April 4, 2017
What Financial Markets Can Teach Us About Managing Climate Risks
The Trump Administration is moving to reduce the way the federal government values future climate damages, but financial markets tell us this is a risky strategy.
By Michael Greenstonevia The New York Times Upshot
Say an investor had only two options of what to put money in: gold or stocks. Gold has an average annual rate of return of 3 percent, while the stock market delivers a healthier 5 percent. Which should the investor choose? Seems simple, right? Take the higher payout.
But annual averages can be deceiving. In fact, these two have very different risk profiles over time. Stocks tend to pay off steadily in good times when the economy is growing and we are relatively flush, but to decline in bad times. Gold might pay off next to nothing for years at a time and present real opportunity costs, but it delivers handsomely during unexpected economic crises.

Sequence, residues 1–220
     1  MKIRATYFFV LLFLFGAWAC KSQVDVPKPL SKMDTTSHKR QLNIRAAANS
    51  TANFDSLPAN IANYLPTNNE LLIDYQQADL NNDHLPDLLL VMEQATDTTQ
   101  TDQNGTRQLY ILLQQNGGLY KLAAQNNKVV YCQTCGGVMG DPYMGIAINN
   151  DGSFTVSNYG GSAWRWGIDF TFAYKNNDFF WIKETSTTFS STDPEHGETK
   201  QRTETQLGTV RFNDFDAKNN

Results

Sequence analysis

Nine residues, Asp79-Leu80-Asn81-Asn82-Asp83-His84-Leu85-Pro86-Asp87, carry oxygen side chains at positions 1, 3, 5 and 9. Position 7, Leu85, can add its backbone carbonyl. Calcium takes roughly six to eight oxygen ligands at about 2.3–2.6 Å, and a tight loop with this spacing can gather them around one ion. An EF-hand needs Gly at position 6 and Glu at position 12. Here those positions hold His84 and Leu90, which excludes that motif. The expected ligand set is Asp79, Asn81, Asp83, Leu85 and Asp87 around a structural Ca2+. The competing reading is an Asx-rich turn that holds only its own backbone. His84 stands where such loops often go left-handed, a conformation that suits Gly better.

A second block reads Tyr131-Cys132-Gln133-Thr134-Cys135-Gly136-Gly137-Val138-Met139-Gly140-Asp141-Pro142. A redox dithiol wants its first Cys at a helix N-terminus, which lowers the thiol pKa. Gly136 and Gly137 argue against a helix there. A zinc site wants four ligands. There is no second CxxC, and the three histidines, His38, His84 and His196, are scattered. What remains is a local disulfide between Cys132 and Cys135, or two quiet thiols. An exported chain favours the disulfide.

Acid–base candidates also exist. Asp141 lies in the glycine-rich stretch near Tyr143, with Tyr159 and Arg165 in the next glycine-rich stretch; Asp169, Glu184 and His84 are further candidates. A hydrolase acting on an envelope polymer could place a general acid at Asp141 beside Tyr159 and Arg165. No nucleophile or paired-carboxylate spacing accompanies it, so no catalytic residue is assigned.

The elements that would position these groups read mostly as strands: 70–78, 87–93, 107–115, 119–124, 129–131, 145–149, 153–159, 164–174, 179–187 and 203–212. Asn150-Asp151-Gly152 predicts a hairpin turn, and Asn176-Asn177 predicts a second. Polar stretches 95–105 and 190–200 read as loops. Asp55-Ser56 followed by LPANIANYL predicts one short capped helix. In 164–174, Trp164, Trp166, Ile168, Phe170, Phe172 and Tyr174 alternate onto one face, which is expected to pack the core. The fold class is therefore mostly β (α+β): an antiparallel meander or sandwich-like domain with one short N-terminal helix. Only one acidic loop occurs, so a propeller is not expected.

Investing in gold is a type of insurance policy against tough times. Financial markets are revealing that investors are willing to accept a lower average return for that insurance, precisely because it helps to manage risk.
Last week, President Trump signed an executive order about climate change that runs counter to this insight from financial markets. The headlines rightly highlighted the dismantling of climate policies like the Clean Power Plan. But buried in the details is an administrative tweak to the most important climate measurement in the federal government’s climate toolbox: the social cost of carbon...